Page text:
Róbert Wessman was recently interviewed by Scrip Intelligence (Scrip) an international pharmaceutical news, analysis and data service, which currently boasts a readership of over 100,000 worldwide. In it Robert focuses on the future of the generics industry, how to build a global generics company, and founding the biosimilars manufacturer, Alvotech.
The article points out that in his previous role as CEO of Actavis in the 2000s, Róbert Wessman transformed that company from an Iceland-based contract manufacturer into a generics sector leader, and that he is proving that process was no fluke since his current company, Alvogen Inc., which he founded in 2009, is now approaching annual sales of nearly a billion dollars a year, underpinned by an EBITDA of around $300m.
Developing a biosimilar is capital-intensive
Róbert Wessman is convinced a growing number of generics companies will transform into biosimilar companies in the future, as an alternative to being bought by other ever-larger companies, although he realises the switch over to biosimilar products doesn't come cheap: "Developing a biosimilar is capital-intensive and can cost up to $100m per molecule, something that historically generics companies are not comfortable with. And sales and marketing teams have to be set up along with other in-house capabilities like specialized analytics," he added. "It will be interesting to see what happens as the industry becomes more transformational."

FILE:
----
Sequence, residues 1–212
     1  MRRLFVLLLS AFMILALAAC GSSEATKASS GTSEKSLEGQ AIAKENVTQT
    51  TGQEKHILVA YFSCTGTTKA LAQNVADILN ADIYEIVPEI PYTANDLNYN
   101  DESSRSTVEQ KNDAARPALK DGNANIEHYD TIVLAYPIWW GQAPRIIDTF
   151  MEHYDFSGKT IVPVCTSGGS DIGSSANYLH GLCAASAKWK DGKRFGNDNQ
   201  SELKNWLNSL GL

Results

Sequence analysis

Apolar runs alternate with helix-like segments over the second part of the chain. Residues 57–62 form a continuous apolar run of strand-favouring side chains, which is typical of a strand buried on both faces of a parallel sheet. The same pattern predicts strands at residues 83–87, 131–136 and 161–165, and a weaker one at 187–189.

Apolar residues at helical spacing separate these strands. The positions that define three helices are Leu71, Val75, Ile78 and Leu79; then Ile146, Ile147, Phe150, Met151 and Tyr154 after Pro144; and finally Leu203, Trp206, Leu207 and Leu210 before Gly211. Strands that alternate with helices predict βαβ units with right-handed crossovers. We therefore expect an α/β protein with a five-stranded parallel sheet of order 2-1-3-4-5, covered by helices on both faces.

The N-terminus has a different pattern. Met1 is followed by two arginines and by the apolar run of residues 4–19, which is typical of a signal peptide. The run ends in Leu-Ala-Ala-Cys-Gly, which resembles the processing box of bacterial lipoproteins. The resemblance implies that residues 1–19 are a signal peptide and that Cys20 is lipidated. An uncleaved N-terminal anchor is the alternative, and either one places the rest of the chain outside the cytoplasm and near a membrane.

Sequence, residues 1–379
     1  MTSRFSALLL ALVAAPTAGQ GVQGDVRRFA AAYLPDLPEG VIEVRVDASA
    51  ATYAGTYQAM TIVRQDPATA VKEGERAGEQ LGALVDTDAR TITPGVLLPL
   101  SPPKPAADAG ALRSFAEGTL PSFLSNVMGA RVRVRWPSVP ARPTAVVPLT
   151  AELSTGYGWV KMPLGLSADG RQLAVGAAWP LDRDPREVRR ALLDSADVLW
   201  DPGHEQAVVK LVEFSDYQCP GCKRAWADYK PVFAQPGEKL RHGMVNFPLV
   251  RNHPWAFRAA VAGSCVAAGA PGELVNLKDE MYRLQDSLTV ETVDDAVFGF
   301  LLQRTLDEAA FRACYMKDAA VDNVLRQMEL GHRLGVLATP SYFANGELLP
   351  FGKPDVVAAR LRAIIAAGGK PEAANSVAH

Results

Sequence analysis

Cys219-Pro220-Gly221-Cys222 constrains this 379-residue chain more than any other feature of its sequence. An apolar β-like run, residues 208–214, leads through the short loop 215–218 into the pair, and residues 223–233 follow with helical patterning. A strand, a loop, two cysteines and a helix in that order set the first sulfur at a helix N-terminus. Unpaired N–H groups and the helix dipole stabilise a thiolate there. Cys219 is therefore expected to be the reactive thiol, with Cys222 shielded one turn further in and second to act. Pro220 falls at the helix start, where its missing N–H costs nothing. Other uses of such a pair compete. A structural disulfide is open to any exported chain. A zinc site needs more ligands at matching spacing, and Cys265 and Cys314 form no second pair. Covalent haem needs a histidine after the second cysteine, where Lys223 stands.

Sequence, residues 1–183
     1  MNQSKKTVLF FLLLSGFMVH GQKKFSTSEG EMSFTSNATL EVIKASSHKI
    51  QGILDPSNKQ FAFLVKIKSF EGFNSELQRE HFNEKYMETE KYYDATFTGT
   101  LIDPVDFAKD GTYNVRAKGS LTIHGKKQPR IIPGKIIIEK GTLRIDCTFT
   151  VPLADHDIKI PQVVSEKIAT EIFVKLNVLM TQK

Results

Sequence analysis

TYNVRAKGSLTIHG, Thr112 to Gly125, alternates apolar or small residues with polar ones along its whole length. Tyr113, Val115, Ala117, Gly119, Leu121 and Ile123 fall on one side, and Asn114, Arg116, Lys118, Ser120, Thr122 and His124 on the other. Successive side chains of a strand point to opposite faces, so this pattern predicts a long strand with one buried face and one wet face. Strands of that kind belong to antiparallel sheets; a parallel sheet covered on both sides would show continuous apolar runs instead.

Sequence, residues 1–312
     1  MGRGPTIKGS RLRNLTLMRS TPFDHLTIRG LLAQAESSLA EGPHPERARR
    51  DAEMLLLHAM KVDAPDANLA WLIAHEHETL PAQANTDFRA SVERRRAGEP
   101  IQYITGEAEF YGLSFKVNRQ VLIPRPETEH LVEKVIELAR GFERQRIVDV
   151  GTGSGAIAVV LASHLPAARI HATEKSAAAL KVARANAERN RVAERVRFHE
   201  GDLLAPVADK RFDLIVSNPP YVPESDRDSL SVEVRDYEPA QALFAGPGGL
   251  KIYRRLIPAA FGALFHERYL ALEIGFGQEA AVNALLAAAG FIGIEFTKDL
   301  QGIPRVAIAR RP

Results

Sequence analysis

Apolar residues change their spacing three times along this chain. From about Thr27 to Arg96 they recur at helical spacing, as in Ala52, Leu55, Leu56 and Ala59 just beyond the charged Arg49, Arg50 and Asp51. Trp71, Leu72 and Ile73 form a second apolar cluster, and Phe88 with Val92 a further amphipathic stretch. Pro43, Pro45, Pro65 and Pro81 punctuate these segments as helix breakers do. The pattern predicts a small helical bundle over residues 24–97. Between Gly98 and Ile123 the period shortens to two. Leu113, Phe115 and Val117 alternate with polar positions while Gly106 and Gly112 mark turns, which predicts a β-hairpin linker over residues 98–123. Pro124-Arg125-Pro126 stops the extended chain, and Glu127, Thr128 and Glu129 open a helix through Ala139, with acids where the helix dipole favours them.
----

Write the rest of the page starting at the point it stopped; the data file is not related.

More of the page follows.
Alvotech has more than 200 employees and has just completed a new manufacturing facility in Reykjavik, Iceland, that was inaugurated on 3 June. The company also has cell-line development facilities in Germany and capabilities in bioanalytics and the complete manufacturing value chain, including active pharmaceutical ingredients (APIs) and fill and finish. Alvotech has publicly stated that it plans to invest more than $500m in biosimilars over the coming years, including the new Icelandic facility.
Róbert Wessman, the article tells us, is one to watch in coming years.